A PEPYSIAN GARLAND - online book

Black-letter Broadside Ballads Of The years 1595-1639

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Where if he giue vs his good will,
and to our match agree: Twill be sweeter then the hunny
that comes from the Bee.
4   Come goe, for I am willing,
good fortune be our guide: From that which I haue promised,
deare heart, lie neuer slide: If that he doe but smile,
and I the same may see, Tis better then the blossomes,
that bloomes vpon the tree.
5   But stay heere comes my1 Mother,
weele talke with her a word: I doubt not but some comfort,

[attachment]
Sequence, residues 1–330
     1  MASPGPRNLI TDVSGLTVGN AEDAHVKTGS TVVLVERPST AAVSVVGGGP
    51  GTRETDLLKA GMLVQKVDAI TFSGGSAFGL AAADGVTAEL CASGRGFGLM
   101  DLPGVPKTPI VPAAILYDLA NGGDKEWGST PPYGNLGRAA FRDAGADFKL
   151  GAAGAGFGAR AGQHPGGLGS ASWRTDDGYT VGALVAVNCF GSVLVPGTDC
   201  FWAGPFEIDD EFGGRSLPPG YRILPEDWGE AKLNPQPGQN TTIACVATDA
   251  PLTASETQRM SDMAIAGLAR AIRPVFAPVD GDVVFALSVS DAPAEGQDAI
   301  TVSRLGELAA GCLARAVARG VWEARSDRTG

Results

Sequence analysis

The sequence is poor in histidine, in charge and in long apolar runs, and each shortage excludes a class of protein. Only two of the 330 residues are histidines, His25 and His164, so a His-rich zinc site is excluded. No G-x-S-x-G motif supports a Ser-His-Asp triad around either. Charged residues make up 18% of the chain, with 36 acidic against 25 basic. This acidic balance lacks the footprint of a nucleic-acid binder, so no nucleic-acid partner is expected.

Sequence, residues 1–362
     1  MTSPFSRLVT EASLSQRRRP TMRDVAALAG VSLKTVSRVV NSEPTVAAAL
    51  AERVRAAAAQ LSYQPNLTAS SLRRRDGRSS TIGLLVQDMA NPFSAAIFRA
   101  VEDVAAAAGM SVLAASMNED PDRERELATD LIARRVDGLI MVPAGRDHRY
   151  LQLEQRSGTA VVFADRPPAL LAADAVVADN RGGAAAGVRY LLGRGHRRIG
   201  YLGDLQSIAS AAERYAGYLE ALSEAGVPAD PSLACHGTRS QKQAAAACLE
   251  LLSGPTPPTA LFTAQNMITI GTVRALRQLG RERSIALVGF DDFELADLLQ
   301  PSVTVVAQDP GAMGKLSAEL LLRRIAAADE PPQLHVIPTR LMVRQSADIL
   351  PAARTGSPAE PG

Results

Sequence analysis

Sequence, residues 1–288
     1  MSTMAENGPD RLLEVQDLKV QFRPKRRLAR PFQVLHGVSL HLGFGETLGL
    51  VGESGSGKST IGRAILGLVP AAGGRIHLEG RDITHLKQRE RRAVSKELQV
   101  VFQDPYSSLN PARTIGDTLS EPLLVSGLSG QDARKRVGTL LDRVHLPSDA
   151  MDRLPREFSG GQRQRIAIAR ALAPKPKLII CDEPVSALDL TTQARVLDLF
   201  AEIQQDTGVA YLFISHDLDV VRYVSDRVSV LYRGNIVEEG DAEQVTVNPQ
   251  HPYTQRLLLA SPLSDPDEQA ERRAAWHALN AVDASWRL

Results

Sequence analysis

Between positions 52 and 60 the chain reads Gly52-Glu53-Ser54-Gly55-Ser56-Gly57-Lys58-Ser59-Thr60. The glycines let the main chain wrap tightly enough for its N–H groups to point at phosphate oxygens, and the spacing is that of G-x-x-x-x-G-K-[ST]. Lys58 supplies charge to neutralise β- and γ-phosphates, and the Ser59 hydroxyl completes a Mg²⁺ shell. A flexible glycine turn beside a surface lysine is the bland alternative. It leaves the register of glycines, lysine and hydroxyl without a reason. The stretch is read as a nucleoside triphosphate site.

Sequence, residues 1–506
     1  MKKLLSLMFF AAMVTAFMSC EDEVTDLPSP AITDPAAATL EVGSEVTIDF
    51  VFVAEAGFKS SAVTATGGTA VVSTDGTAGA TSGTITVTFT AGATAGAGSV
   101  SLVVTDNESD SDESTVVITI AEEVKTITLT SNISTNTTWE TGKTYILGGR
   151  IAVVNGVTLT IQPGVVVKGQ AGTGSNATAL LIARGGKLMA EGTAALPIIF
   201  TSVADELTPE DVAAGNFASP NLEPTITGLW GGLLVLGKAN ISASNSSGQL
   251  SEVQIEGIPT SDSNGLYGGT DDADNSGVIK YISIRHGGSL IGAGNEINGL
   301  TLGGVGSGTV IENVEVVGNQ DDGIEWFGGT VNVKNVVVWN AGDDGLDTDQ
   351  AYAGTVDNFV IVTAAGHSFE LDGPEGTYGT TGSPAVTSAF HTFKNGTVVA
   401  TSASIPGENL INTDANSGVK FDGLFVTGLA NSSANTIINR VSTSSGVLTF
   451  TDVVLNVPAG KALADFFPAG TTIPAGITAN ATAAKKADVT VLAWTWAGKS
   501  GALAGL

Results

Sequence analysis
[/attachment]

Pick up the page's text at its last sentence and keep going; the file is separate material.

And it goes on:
to vs she may afford: If comfort she will give vs,
that we the same may see, Twill be sweeter then the hunny,
that comes from the Bee.
6   O Mother we are going
my Father for to pray, That he will giue me his good will,
for long I cannot stay. A young man I haue chosen
a fitting match for me, More fayrer then the blossomes
that bloomes on the tree.
1 Perhaps the text should read thy, though (as later stanzas show) "mother" and "father" were "very common forms of address from a betrothed person to the father and mother of the other party to the en­gagement" (Professor Kittredge).
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E-Book - An Annotated Compendium of Old Time American Songs by James Alverson III